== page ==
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Rodd Clark, who moved to the Crook County area in 1983 to farm, was elected Sheriff in 1986, succeeding Howard Becker, who had been appointed Acting Sheriff to fill a vacancy.

Clark was born on Jan. 14, 1944 in Bellingham, Wash. He moved to California, where he graduated from Denair Union High School in Denair outside of Turlock. He attended Azuza Pacific University for three years before linking up with the United States Army. He got a taste of law enforcement as a company commander in the military police, spending one year in Vietnam.

After leaving the service, Clark spent five years as a Patrolman with the Los Angeles Police Department. After leaving Los Angeles, he moved to Northern California and was involved in the wholesale building supply business in Sacramento until the late 1970s. He got back into law enforcement when he joined the Nevada County Sheriff's Ofrice in Truckee, California before moving to Oregon in 1983, settling in the Lone Pine area to farm.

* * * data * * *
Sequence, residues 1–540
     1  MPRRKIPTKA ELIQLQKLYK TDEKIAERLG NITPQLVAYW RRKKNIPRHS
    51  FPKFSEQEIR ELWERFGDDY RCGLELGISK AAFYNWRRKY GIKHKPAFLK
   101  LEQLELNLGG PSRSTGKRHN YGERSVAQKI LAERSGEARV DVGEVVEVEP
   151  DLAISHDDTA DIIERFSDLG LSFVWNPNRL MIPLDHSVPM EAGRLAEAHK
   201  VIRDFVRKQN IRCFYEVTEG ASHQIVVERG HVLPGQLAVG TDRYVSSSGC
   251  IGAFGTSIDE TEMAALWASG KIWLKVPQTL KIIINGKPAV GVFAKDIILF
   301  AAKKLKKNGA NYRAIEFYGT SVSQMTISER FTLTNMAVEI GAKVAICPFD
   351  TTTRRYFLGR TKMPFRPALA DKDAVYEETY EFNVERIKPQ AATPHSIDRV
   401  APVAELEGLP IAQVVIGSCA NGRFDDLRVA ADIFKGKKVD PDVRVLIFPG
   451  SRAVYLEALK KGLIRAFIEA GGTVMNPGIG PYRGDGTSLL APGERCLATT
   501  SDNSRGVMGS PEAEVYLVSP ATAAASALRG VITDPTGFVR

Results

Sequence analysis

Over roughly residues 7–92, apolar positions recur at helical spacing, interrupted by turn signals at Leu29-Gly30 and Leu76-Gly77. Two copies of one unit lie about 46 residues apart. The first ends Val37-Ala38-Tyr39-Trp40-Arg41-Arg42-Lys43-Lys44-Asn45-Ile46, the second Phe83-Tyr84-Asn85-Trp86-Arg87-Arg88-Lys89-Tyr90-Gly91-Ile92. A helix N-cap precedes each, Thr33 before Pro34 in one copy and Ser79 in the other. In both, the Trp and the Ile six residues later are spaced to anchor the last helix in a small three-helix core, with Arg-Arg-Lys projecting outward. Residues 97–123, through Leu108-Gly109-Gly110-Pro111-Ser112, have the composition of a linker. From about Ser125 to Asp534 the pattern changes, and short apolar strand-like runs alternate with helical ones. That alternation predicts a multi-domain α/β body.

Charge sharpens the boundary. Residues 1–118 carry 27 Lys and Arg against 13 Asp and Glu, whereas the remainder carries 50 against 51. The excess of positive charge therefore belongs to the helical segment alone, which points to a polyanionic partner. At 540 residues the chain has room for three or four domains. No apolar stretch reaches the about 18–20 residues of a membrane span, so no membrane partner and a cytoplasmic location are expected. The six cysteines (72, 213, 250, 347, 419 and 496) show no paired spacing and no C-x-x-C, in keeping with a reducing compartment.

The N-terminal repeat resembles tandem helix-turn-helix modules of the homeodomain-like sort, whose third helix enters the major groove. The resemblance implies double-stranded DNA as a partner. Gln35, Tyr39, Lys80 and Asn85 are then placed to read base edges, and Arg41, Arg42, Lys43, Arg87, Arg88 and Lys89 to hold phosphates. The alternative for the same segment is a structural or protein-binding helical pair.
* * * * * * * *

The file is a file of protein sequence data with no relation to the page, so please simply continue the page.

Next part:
After three ,years, Clark decided again to get back into law enforcement and ran for Sheriff, being elected in 1986 after running against six opponents. In the last election in 1990, Clark was unopposed.

Clark heads up a Sheriff's Department in a county that has only one incorporated city, Prineville. Some 14,400 people live in the county, including 9,000 in the unincorporated area covered by the Sheriff's Office. Crook is one of two counties in Oregon that does not run its own corrections department, so there are no corrections officers. Clark has a Chief Deputy and six road deputies.

The Crook County Sheriff is married to Jennifer and they have three children.

Crook County

George Henry Churchill of Sangamon County in Illinois was the first in a line of 24 Sheriffs in Crook County. He was appointed to the post in 1882 when Crook County was formed.